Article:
Justin Castelli: I think the biggest eye-opener has been that it’s okay to be yourself. And what I mean by that is prior to having my own firm, where I get to be the chief compliance officer and the CEO, and I have the responsibilities that come with wearing that hat, but in previous lives, I couldn’t do everything that I wanted to. I couldn’t have a podcast. I couldn’t have a blog. I wouldn’t have been able to have Twitter, which is how I’ve met and learned so much over the last couple of years. And that’s just naturally who I am.

The writing that I want to do, that’s something I’ve always wanted to do, but I couldn’t. I had to kind of be somebody that I wasn’t, or restrain myself from fully telling everybody who I am. So being on my own and being able to do those things and to see that what I think is what people want, maybe that’s not right for everybody, but there are people looking for what I’m providing, and they share the same vision as I do, even though I was told that probably wouldn’t work and I wouldn’t be successful doing it. So I think it’s being yourself and letting that attract the people who you’re meant to be working with and not trying to force anything on yourself or the people that might come in.

Tim Mullooly: In episode 7, Brendan and I discussed investing apps. A listener of the show wrote to us and asked us if we could discuss the pros and cons of certain investing apps and just the concept of them altogether and what we thought about them. A lot of great points were made in the episode, and we talked specifically about a few apps, Acorns and Stash. I’ve highlighted one pro and one con from the episode to give you just a little taste of what we talked about during the episode. And again, for the full episode and all of the pros and cons and our takes on these different apps, you can head over to the show notes and find the full episode there.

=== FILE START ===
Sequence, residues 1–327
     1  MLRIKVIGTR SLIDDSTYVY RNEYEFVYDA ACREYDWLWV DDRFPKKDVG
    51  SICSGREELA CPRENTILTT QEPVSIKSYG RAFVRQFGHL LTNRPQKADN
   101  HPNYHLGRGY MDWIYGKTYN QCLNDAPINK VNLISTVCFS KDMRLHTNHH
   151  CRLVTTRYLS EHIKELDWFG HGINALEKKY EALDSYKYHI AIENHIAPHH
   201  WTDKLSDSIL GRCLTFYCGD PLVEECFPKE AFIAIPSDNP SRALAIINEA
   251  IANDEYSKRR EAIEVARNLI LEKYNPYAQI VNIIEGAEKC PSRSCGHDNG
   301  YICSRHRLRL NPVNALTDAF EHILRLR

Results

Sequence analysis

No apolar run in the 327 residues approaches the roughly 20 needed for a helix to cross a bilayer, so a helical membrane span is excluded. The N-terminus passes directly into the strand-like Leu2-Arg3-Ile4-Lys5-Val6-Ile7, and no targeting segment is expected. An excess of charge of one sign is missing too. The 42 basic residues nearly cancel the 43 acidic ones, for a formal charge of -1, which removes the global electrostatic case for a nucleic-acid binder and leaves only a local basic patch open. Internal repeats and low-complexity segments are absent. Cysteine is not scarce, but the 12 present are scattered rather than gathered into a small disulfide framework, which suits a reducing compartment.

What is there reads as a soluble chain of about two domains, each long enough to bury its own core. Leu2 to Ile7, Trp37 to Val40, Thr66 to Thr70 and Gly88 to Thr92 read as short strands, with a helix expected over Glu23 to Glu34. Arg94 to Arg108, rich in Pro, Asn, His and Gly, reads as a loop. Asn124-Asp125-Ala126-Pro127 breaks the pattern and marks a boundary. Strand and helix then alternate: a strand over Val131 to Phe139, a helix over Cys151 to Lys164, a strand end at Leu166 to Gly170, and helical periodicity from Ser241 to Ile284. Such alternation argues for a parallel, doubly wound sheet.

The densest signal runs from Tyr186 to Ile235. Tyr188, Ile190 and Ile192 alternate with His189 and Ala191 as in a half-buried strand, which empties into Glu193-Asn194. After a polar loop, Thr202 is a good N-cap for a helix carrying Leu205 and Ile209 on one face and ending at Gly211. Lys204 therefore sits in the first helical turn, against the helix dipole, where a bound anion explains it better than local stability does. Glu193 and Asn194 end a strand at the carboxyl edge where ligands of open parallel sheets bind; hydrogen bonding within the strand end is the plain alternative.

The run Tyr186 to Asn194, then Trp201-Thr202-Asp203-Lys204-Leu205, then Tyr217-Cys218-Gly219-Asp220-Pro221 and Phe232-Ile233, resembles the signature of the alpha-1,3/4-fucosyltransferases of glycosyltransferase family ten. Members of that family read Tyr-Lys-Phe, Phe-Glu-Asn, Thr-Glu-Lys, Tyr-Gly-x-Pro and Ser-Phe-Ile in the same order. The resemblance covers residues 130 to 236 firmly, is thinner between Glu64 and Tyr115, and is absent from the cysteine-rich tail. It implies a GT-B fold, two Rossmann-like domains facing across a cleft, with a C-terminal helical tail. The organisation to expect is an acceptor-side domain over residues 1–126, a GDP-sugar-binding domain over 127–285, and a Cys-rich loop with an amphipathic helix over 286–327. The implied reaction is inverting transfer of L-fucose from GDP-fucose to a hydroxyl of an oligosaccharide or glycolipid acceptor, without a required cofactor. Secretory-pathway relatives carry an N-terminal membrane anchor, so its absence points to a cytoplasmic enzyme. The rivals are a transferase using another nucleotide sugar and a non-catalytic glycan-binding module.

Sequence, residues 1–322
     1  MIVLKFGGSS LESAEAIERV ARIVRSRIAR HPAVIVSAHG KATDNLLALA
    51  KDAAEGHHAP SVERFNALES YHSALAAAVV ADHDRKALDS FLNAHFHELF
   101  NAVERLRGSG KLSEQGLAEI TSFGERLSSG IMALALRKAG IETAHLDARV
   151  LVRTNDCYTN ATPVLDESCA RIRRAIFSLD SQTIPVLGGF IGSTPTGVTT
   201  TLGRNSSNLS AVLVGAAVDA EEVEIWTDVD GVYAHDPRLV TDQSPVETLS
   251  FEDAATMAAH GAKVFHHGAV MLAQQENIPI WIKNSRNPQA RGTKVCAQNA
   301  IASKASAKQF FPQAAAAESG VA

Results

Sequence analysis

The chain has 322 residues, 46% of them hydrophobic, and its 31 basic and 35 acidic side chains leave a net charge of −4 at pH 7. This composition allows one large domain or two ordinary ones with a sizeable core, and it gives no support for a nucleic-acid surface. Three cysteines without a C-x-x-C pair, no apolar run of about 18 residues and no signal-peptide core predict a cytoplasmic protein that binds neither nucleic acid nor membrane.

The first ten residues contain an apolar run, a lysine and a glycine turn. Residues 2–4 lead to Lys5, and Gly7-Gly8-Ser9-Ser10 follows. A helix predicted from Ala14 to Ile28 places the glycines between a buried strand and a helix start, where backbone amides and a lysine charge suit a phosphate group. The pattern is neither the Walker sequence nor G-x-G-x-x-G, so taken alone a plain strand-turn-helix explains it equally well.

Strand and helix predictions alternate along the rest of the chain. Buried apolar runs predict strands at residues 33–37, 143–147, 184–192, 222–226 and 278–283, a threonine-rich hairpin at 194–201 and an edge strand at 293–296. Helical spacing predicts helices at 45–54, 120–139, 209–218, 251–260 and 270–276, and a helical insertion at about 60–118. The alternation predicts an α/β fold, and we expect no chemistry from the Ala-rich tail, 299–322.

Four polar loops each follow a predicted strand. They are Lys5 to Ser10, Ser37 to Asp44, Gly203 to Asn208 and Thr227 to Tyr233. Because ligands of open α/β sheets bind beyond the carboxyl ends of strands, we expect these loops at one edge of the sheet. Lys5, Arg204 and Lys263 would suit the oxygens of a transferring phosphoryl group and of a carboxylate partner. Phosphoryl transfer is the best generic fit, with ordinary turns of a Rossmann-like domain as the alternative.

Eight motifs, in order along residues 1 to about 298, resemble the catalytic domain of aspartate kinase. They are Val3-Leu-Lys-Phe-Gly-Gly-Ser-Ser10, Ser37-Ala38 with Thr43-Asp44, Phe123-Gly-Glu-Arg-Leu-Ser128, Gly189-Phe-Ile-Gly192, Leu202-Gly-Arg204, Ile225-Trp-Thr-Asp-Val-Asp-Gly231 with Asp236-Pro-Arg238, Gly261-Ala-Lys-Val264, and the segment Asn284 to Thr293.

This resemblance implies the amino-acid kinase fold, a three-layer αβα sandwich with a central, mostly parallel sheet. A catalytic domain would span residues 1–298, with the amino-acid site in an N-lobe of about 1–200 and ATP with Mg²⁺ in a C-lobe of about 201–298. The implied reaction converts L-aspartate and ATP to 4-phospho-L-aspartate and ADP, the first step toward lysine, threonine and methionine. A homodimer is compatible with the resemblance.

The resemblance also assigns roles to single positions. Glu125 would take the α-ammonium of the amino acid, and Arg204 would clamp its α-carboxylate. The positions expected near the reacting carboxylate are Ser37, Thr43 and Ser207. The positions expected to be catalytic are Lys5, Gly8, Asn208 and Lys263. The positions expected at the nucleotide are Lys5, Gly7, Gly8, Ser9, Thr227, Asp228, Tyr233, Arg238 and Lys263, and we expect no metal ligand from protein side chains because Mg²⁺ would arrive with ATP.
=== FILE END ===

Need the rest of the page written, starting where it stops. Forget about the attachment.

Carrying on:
What are some of the pros that you see with these investing apps, to put a blanket over it, in general?

Brendan: Well, the first pro that comes to mind is the reason that we’re having this podcast. They generate interest, and especially from young people. So the fact that these apps have been created and they’re getting people interested about their money, in whatever capacity and whichever end of the spectrum they fall on, I think that’s great.

Tim Mullooly: We say it all the time, time is the biggest advantage investors have, so young people getting started early in the market or in saving money, creating good habits to build on over their lifespan, think it’s definitely a pro, getting younger and younger people interested, investing, and just learning about how the markets work, saving money, and seeing some benefits from that.

Brendan: And just to piggyback off that, with another pro is low barrier to entry. We’ve all downloaded apps on our phone before, so you know how simple it is to pick up your phone, download an app, and start learning how that app works.